I have never liked any of the Christian faith movies that have come out over the years. The main reason was that it always felt as if the characters’ faith was the only thing that mattered and that these characters were pushing their faith with a hammer. No subtlety at all. I have never wanted to downgrade anyone beliefs but many of these faith movies, as movies, are nearly unwatchable.
Today, for Mother’s Day, I took my mom to Breakthrough, a film that I had avoided since it was released in April for that very reason I mentioned before. However, I figured mom would like it so I took her to it.
I will say that it was probably the best Christian faith movie I have seen because it allowed its characters to be real characters who just happen to have faith in God and not one-dimensional people spouting their personal beliefs.
This movie is based on the true story of John Smith (Marcel Ruiz), a young teen who fell through an icy Missouri lake in 2015 and spent 15 minutes under water before being pulled out by search and rescuer Tommy Shine (Mike Colter).
John was rushed to the hospital and was near death, but his mother Joyce (Chrissy Metz) was a powerhouse force of nature and insisted that her son would recover. Even at a point where it appeared that the doctors and nurses had given up finding a pulse, Joyce refused to let go.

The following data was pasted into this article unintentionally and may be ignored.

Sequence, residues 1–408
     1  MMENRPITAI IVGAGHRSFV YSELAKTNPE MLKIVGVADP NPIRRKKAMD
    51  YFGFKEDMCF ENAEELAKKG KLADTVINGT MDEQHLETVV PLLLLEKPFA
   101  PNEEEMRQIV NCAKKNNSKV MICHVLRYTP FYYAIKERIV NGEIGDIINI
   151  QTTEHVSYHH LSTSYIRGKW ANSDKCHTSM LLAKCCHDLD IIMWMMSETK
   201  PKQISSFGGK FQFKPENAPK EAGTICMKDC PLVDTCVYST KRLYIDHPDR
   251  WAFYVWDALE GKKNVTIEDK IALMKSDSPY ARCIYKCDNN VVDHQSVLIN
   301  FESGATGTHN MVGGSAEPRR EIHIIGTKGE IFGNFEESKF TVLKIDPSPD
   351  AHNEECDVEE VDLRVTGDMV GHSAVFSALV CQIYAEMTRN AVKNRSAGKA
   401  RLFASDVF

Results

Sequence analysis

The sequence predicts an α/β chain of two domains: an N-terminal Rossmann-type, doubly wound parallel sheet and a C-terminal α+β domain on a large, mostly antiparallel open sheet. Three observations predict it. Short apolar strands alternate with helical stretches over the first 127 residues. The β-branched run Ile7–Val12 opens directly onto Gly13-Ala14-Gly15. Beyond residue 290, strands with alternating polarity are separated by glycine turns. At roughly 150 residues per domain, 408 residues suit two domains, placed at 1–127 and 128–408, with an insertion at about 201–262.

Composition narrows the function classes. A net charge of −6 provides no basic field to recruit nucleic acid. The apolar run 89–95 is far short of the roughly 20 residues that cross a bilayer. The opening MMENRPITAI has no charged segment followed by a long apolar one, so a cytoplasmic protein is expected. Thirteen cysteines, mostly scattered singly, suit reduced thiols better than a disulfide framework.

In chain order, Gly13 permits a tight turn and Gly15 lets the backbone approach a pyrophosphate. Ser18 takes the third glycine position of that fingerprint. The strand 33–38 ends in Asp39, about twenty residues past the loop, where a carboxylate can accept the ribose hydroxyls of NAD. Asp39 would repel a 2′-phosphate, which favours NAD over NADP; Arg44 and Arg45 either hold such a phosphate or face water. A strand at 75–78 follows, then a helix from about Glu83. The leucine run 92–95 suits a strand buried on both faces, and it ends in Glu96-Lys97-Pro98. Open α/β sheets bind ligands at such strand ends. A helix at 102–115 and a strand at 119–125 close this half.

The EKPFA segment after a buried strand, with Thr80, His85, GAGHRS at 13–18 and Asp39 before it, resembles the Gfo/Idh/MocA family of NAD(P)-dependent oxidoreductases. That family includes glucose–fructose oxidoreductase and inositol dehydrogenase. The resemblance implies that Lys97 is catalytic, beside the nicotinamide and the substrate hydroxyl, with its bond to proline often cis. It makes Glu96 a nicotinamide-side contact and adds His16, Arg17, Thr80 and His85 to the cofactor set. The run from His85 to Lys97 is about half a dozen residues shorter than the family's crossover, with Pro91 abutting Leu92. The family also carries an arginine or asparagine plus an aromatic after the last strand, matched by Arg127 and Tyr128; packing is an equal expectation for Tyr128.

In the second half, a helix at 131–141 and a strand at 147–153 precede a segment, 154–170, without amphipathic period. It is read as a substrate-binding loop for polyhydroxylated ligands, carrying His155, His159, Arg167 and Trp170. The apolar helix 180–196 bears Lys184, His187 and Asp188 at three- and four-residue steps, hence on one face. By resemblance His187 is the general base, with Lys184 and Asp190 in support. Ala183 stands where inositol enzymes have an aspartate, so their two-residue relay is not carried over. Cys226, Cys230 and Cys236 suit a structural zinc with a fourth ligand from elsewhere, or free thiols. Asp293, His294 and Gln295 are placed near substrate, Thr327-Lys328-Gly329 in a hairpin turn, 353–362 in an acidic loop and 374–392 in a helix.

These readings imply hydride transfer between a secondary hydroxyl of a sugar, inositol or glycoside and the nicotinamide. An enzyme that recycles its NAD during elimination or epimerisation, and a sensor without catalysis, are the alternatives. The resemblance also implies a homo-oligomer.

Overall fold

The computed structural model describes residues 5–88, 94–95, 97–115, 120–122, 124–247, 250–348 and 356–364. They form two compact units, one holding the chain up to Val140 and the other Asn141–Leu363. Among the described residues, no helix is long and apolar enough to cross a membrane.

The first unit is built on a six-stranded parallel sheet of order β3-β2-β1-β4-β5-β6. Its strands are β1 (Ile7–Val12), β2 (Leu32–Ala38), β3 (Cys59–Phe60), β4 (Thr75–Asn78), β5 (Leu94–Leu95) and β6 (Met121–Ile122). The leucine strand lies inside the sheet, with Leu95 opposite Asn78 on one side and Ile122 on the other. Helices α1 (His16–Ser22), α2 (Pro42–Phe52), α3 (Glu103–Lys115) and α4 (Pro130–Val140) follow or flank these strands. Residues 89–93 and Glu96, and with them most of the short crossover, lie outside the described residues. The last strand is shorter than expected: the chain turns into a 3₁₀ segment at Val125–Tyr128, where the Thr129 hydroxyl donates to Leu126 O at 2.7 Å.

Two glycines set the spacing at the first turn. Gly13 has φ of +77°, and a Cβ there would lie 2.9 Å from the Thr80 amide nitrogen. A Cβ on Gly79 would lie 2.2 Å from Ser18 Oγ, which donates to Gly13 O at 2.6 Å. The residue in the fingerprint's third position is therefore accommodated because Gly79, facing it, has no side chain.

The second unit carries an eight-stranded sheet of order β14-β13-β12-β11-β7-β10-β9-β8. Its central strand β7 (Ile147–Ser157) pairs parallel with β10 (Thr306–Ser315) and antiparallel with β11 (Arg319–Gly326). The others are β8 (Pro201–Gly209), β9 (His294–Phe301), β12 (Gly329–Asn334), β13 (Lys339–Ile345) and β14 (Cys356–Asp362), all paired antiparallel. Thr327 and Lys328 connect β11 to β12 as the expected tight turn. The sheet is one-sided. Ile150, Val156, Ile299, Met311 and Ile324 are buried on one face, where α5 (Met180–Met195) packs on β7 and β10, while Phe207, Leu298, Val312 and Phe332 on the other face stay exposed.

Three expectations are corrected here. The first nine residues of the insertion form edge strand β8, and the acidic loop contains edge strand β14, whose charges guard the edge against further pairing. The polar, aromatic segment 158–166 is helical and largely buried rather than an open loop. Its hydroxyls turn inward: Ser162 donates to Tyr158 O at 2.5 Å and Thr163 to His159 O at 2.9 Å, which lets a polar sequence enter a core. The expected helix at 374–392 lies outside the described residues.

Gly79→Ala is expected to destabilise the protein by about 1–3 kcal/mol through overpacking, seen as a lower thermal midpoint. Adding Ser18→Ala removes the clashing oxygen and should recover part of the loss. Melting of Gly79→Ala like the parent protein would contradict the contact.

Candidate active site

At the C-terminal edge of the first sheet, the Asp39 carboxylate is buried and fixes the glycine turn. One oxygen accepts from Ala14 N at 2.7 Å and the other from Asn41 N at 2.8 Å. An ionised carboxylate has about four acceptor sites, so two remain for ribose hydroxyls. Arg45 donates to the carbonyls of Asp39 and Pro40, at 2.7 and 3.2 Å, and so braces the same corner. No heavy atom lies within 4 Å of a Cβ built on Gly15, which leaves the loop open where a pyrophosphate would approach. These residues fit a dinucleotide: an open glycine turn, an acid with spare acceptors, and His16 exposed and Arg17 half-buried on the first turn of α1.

Here is the strength of the film. During his hospital stay, characters were allowed to doubt, question and be angry. Even Joyce was shown to be out of control. Those people who expressed doubt were never demonized by the movie and, in fact, the film went out of its way to show that Joyce’s angry dismissals of these people’s thoughts were unlike her and were inappropriate. That surprised me.
Even the film’s pastor, Jason (Topher Grace) was allowed to speak to John’s father (Josh Lucas) in a real way. It is not just “pray and all will be okay, trust in God” etc etc. Pastor Jason, in that conversation, told John’s father that he had doubts about John’s survival, but anything was possible. This felt like a real conversation that would be held with real people.
And I especially loved the ending when, SPOILERS- I guess, John recovered, and there was some resentment directed toward him, wondering why he was saved while others were not. That was even more interesting of an approach to me, and I would have liked for the movie to expand upon that more than it did. Just the inclusion of those moments was a step in the right direction though.
Mike Colter’s character even expressed that he did not believe in God, and he was allowed to be a real person who showed confusion over the fact that he believed he heard someone direct him to where John was in the water. This internal conflict was never officially resolved, just like it most likely would not be in real life.
Now, there are plenty of problems with the film as well. I mean, some of the acting was average at best, the story became extremely melodramatic several times (don’t get me started on the giant sing-a-long pray session outside John’s hospital window) and there were times where the movie felt too movie-of-the-week-like. Still, the main performances were strong and just the fact that these characters were written like real people of faith and not just propaganda for Christian faith is a definite positive.
Plus, my mom loved it. So there is that.